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Q1.
Money has value because with it one can acquire assets and services and discharge
obligations. The holding, borrowing or lending of money can result in costs or earnings.
And the longer the time period involved, the greater the costs or the earnings. The cost or
earning of money as a function of time is the time value of money.
Accountants must have a working knowledge of compound interest, annuities, and present
value concepts because of their application to numerous types of business events and
transactions which require proper valuation and presentation. These concepts are applied
in the following areas: (1) sinking funds, (2) installment contracts, (3) pensions, (4) long
term assets, (5) leases, (6) notes receivable and payable, (7) business combinations, and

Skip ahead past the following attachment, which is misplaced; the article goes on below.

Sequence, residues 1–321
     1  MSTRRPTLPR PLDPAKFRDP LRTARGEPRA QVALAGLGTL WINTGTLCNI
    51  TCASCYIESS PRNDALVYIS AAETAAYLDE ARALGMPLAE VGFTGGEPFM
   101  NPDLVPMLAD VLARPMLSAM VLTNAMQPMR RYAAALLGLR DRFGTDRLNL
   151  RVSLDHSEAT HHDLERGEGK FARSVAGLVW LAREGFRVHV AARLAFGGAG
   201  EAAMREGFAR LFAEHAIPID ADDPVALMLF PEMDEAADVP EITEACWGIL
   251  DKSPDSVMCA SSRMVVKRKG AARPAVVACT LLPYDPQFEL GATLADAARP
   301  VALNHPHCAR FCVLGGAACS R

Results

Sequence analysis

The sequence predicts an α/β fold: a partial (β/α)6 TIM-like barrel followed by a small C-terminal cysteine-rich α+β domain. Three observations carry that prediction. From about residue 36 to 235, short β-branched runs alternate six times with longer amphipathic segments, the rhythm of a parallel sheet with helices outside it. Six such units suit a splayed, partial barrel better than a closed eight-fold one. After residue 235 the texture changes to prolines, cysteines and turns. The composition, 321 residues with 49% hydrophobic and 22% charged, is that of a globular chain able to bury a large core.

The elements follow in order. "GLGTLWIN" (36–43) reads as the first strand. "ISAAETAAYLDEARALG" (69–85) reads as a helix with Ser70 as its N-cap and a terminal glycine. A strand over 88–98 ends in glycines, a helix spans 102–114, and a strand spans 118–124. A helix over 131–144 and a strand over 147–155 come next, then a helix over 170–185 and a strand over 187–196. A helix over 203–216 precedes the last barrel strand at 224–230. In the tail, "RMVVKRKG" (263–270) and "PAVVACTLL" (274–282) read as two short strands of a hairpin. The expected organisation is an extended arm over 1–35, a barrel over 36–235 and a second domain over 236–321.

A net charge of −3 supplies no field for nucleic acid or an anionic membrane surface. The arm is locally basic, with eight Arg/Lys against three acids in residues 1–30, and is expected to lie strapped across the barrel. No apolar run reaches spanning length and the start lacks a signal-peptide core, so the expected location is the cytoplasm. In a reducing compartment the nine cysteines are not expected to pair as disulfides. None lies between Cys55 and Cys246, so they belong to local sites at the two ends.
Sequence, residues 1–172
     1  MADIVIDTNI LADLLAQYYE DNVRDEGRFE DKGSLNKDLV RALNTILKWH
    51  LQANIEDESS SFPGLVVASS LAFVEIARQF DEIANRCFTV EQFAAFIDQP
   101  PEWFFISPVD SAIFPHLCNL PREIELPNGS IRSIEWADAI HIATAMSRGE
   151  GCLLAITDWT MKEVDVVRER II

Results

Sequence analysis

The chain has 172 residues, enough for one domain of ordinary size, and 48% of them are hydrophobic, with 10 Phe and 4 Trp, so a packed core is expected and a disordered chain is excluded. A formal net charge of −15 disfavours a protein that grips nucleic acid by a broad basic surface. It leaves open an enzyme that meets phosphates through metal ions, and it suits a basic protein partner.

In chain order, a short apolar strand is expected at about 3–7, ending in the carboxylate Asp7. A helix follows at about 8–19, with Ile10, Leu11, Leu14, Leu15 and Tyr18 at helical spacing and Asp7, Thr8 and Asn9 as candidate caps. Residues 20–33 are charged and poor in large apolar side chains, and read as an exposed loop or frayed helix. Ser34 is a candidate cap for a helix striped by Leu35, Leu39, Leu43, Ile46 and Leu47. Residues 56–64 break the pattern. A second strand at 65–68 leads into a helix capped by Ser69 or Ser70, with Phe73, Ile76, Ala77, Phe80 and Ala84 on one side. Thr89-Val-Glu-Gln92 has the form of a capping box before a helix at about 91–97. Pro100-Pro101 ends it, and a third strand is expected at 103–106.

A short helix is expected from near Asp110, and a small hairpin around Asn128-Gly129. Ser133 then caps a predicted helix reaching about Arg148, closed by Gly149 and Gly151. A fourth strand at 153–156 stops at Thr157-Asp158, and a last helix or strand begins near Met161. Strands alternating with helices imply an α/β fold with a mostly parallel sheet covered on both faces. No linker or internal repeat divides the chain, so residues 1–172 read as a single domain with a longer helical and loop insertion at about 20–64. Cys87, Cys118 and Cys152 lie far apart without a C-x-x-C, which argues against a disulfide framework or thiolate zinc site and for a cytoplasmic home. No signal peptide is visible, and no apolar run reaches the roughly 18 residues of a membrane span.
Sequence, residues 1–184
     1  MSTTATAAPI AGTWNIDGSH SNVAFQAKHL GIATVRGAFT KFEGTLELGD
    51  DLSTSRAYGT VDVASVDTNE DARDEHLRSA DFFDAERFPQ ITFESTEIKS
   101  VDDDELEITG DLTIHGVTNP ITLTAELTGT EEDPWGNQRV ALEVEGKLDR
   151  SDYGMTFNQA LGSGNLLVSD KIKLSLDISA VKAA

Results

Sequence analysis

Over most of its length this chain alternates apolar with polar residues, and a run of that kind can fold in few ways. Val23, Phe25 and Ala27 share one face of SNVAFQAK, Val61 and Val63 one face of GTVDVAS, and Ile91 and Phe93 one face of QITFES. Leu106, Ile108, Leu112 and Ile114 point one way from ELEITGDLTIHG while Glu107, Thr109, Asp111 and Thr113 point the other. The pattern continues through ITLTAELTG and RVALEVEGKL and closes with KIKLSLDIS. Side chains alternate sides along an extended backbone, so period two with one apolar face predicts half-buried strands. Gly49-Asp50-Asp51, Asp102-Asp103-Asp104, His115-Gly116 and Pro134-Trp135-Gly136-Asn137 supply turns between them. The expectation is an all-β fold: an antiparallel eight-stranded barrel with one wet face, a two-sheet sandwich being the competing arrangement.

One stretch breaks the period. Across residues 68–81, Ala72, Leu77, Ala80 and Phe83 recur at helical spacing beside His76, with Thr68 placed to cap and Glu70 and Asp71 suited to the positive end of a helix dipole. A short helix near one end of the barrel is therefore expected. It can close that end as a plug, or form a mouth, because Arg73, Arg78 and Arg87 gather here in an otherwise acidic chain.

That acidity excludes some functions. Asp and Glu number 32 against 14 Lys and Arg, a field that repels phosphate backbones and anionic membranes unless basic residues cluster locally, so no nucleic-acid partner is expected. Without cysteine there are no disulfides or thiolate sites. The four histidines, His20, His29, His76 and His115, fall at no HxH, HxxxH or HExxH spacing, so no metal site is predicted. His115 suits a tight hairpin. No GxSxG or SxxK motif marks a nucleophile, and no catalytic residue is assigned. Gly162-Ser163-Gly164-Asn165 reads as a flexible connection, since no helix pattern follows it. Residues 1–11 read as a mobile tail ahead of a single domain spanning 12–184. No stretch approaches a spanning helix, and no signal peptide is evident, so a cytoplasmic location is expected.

(8) amortization of premiums and discounts.
Q9.
An annuity involves (1) periodic payments or receipts, called rents, (2) of the same
amount, (3) spread over equal intervals, (4) with interest compounded once each interval.
Rents occur at the end of the intervals for ordinary annuities while the rents occur at the
beginning of the intervals for annuities due.
Q13.
The process for computing the future value of an annuity due using the future value of
an ordinary annuity interest table is to multiply the corresponding future value of the
ordinary annuity by one plus the interest rate. For example, the factor for the future value of
an annuity due for 4 years at 12% is equal to the factor for the future value of an ordinary
annuity times 1.12.
EXERCISE 64 (15–20 minutes)
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This note was uploaded on 11/12/2011 for the course ACCT 2015 taught by Professor Dr,moore during the Spring '10 term at University of the West Indies at Mona.
 Spring '10
 Dr,Moore
 Financial Accounting

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